Menopause: a turning point for women’s health

Rising demand for menopausal hormone therapy (MHT) in the UK has resulted in shortages of some products, as suppliers struggle to keep up with demand. A consequence of increasing awareness of menopause symptoms and treatment options among women, prescriptions for MHT in England have doubled in the past 5 years to more than 500,000 a month. Used to alleviate distressing vasomotor symptoms, genitourinary syndrome of menopause, and postmenopausal osteoporosis, MHT can also help minimize disruptions to work and quality of life. In response to an outpouring of anger from women affected by the MHT shortages, on April 29, the UK Government announced the formation of a new taskforce to address the supply chain issues.
Although a natural part of reproductive aging, menopause does not affect all women the same. Duration of the menopause transition, age at onset of natural menopause, and menopausal symptoms—type, severity, and duration—all vary and can be affected by both modifiable (eg, obesity, smoking) and non-modifiable (eg, race, ethnicity , socioeconomic status) factors. In the Study of Women’s Health Across the Nation (SWAN)—a multiethnic cohort of 3302 women in midlife in the USA—80% of women reported vasomotor symptoms, which persisted for a median of 7·4 years. Race and ethnicity strongly influenced the duration of vasomotor symptoms, with Black women reporting the longest duration (10 1 years) compared with Hispanic women (8 9 years), non-Hispanic White women (6 5 years), Japanese-American women (4 8 years), and Chinese-American women (5 4 years). Black women were also more likely to start menopause at a younger age, have a longer transition, and have more severe symptoms than other racial groups.
Yet beyond the reproductive transition, menopause is also a biopsychosocial turning point in cardiometabolic disease risk for women. Increases in insulin resistance, fat mass, dyslipidaemia, and endothelial dysfunction occur at the menopause transition, contributing to a worsened cardiometabolic profile independent of chronological aging. Vasomotor symptoms, sleep disorders, and mood changes associated with menopause can also increase cardiometabolic risk. Additionally, a history of some reproductive and gynaecological conditions such as gestational hypertension or diabetes, premature ovarian insufficiency, and functional hypothalamic amenorrhoea can worsen the cardiometabolic profile. As a result, the menopause transition is associated with an increased risk of cardiometabolic diseases such as obesity, diabetes, cardiovascular disease, osteoporosis, dementia, and cancer that can emerge 10–15 years after the onset of menopause. In 2020, a scientific statement on behalf of the American Heart Association included the menopause transition for the first time as a sex-specific event that can profoundly affect future cardiometabolic health in women.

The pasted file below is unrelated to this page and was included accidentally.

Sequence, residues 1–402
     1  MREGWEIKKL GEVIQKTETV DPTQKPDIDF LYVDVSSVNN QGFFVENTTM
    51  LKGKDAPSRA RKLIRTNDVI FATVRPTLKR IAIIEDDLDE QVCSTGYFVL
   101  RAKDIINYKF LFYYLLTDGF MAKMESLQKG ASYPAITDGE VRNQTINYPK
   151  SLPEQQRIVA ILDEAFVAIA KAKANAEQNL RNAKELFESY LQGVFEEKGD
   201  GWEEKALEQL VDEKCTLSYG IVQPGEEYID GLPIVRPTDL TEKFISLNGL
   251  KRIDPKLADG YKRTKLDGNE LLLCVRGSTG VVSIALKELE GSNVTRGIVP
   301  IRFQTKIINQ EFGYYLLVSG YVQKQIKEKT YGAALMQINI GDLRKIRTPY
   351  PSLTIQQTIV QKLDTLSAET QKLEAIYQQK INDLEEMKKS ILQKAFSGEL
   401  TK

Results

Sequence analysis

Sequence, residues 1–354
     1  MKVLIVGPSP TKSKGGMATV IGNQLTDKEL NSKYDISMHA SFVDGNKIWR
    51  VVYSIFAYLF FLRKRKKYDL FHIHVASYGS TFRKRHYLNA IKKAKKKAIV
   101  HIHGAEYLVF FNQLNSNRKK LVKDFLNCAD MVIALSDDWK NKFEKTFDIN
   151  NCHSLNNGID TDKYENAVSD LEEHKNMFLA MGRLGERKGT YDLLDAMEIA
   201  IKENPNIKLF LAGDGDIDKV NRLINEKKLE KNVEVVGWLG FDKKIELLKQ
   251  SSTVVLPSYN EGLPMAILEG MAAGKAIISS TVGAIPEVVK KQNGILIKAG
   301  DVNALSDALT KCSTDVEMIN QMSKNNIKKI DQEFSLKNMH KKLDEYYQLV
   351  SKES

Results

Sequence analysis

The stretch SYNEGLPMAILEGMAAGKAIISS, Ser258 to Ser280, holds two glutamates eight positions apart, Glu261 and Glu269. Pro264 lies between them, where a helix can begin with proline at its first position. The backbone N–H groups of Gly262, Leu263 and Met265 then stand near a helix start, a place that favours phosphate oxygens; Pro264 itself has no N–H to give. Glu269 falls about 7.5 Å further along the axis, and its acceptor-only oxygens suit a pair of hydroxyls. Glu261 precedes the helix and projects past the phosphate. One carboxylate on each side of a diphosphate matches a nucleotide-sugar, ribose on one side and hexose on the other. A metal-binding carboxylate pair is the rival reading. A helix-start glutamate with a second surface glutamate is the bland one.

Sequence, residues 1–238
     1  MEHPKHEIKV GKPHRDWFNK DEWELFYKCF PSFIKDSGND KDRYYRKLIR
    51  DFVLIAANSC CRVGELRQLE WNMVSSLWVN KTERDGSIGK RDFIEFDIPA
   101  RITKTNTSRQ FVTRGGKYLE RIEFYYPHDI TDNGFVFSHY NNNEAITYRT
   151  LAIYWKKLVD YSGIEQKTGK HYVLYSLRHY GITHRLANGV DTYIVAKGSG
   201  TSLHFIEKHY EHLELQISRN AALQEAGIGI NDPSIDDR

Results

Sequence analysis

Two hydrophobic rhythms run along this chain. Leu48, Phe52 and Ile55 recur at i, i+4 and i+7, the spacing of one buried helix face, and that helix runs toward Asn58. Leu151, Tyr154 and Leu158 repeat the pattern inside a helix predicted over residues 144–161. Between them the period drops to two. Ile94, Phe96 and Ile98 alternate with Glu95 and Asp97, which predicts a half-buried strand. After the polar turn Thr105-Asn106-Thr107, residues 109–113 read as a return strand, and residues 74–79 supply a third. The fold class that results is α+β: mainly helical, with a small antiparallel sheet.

In the June issue of The Lancet Diabetes & Endocrinology, we publish a two-paper series on menopause. The papers discuss the cardiometabolic changes that occur during the menopause transition and management approaches for menopause with a view to preventing cardiometabolic diseases. The overarching theme of the series is that the menopause transition is a time of accelerating cardiometabolic disease risk. As such, it presents an important opportunity to raise awareness of the symptoms and downstream health consequences, adopt healthy behaviors and institute early management of traditional cardiovascular disease risk factors, and implement screening and preventive strategies to reduce the risk of chronic cardiometabolic diseases that can occur in later life.

For too long, women’s health-care needs at menopause have been under-recognized and underserved by the health-care profession. Writing in the second Series paper, Roger A Lobo and Anne Gompel concur: “menopause management is poorly practiced and has not been an adequate part of graduate or postgraduate education for health-care providers”. These deficiencies need to be remedied—health care for women approaching menopause, at menopause, and after menopause must be improved. With a demographic of half the world’s population, who spend around a third of their lives after menopause, the unmet need could not be larger. Education, support, and access to treatments for menopausal symptom relief and prevention of later-life chronic diseases must be available to all women regardless of race, ethnicity, socioeconomic status, or geographical location. With such a foundation in place, women will be able to go through the menopause with confidence, embrace the next chapter of their lives, and lead longer and healthier lives.

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